“There is a lot of help, but there are more refugees than help,” notes the official, referring to the efforts of various relief agencies. Then, singling out the Jewish community’s efforts, he says, “we had expected this sort of help because the Jewish people are people who have suffered in the past.” Stressing that Albania gave refuge to several hundred Jews during the Holocaust, he adds, “we had expected help because Albanians showed solidarity with the Jewish people during the Second World War.”
Though the VIP speech is obviously meant to soften the philanthropists’ hearts, it is unnecessary. Merely visiting Pescina accomplishes that.
Breaking up into three groups, the leaders meet refugees such as Sinan Casnechee, a 38-year-old farmer whose deeply lined face makes him look 15 years older. Walking out of his tent, which, along with the tent next door is home to 18, the father of three relates his story.
“The Serbs came and set fire to our village. Some of our neighbors were murdered. We took what we could but it wasn’t much because we had to travel by foot. There were no carts, no horses. We carried the children,” he says.
“Does your family get enough to eat here?” a visitor asks. “So-so,” Casnechee replies. Asked how he and the others wile away their time, he says, “We don’t do anything. We sit down all day and talk to each other.”
Most of the others relate similar stories. Nahas Sherlameti, who was an unemployed factory worker in Kosovo, fled to Albania with his wife and three children. His brother-in-law, who arrived with them, recently returned to Macedonia to find his wife and two children.
“The soldiers came in the morning but we couldn’t do anything because they had guns. They stole our money,” Sherlameti recounts. Pointing to his clothes and the clothes of his 9-year-old son, he says, “everything we have here was donated.” When asked how often he and the other refugees can take a shower, the reply is “once a week.”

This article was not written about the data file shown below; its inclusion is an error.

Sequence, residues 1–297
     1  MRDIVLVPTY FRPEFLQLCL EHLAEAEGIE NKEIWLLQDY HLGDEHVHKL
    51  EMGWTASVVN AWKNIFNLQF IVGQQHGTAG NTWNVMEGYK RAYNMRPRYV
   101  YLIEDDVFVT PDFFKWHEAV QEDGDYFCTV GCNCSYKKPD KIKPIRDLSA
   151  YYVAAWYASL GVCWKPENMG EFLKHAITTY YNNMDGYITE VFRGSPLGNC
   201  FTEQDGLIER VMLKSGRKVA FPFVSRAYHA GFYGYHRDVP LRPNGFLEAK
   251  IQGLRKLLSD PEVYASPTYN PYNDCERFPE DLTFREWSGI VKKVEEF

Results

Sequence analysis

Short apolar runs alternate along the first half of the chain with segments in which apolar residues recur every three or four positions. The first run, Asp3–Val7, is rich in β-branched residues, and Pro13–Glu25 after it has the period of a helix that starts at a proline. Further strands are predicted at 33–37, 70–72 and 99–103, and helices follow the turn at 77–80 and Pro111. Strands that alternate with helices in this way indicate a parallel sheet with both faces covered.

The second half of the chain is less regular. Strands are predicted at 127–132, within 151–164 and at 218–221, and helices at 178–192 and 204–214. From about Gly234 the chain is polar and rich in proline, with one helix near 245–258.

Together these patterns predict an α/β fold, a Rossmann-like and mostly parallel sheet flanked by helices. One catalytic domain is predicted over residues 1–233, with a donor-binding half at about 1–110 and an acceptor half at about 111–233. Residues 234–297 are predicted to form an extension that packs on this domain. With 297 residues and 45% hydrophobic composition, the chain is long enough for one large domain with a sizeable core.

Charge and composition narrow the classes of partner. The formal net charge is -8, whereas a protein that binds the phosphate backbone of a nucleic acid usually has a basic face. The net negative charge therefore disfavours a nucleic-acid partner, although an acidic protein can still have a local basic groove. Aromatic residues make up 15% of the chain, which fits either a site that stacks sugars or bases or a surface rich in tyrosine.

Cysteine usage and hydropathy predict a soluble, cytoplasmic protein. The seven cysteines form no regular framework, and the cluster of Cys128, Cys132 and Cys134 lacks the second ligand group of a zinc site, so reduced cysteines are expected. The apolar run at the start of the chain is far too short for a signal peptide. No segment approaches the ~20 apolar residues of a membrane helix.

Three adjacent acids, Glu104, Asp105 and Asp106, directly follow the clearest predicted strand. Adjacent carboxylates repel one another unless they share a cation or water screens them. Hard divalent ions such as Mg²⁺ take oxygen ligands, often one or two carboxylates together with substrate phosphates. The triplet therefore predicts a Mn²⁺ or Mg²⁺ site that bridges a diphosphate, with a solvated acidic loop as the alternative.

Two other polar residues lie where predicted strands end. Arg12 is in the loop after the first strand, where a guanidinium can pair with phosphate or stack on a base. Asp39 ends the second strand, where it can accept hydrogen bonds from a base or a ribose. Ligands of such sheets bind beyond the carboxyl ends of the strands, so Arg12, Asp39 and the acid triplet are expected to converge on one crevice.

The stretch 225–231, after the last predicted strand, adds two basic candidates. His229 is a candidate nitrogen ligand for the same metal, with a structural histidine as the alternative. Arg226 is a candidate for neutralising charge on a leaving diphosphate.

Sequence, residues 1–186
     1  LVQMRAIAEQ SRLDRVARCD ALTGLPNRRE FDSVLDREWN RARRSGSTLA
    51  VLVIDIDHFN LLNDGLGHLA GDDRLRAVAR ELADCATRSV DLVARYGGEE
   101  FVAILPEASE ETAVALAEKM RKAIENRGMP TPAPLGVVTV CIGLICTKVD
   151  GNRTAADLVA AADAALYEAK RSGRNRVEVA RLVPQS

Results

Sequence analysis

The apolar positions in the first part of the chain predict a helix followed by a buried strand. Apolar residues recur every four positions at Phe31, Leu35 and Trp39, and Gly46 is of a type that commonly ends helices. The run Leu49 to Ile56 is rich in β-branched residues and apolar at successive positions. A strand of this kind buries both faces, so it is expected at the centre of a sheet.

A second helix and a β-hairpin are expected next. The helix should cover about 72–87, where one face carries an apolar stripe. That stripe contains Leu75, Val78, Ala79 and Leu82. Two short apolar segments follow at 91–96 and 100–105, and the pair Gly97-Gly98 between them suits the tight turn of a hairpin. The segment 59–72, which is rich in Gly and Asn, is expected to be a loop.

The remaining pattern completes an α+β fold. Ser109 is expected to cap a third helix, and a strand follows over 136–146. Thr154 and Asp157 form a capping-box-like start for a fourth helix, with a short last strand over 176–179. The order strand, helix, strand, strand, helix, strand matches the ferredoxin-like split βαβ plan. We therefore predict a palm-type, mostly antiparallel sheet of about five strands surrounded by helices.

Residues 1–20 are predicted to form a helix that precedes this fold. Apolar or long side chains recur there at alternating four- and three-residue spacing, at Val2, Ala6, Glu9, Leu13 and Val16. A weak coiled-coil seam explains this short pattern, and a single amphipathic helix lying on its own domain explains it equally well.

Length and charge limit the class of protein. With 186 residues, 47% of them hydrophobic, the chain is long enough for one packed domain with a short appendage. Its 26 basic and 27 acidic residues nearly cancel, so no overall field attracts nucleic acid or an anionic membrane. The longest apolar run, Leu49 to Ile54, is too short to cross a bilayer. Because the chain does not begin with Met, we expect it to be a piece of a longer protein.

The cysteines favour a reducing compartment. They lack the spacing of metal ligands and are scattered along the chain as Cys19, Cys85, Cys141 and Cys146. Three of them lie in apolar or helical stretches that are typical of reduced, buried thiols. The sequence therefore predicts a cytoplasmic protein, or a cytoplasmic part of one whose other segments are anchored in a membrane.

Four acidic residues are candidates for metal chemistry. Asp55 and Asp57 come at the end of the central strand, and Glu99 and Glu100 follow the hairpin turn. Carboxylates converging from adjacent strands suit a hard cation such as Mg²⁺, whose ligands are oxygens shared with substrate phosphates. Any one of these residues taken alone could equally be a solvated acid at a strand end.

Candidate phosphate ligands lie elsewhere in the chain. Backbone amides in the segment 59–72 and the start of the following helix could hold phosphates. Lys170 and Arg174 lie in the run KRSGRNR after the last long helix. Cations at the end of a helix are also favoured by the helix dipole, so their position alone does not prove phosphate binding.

The only upbeat moment of the day comes when groups of 3- and 4-year olds sitting in “school tents” are handed JDC activity boxes containing toy cars, motorcycles, colored pens and Barbie dolls. “They’re children and children need something to keep them busy,” says a JDC field worker. “It’s important to give them as much as a normal life as possible. That’s why we’ve also donated 10,000 books to start libraries in the refugee camps. People need a focus.”
Gazing into the school tents, Eric Goldstein, an attorney from the Upper West Side, says that, though brief, his 12-hour visit to the camp “was worth it.”
“It was an important opportunity to see our dollars being used by the Jewish Agency and the Joint. From what I’ve seen, we’re providing supplies where there otherwise wouldn’t be many.”
Goldstein says that the most moving part of the trip was meeting the children. “I saw children who look like my children. During the Holocaust, my children could have been in this position.”
Lewis Norry, an attorney from Rochester, N.Y., agrees that the trip was well worth the effort, as well as the cost (the visit was financed either by the leaders themselves or their communities).
Ticking off the items he personally bought for the refugees, Norry says, “I had the opportunity to bring over 10 tents, 1,000 diapers, 1,000 baby wipes, 20 pounds of chocolate, 50 pairs of women’s underwear and 50 pairs of socks.” Explaining why he dug so deeply into his own pockets, he says, “I had a moral problem spending thousands of dollars to see suffering and not relieving the suffering.”
Having seen the desperation in the refugees’ eyes, he says, “I can now go back and more personally tell the story of what’s going on here. If we don’t do it, who will?”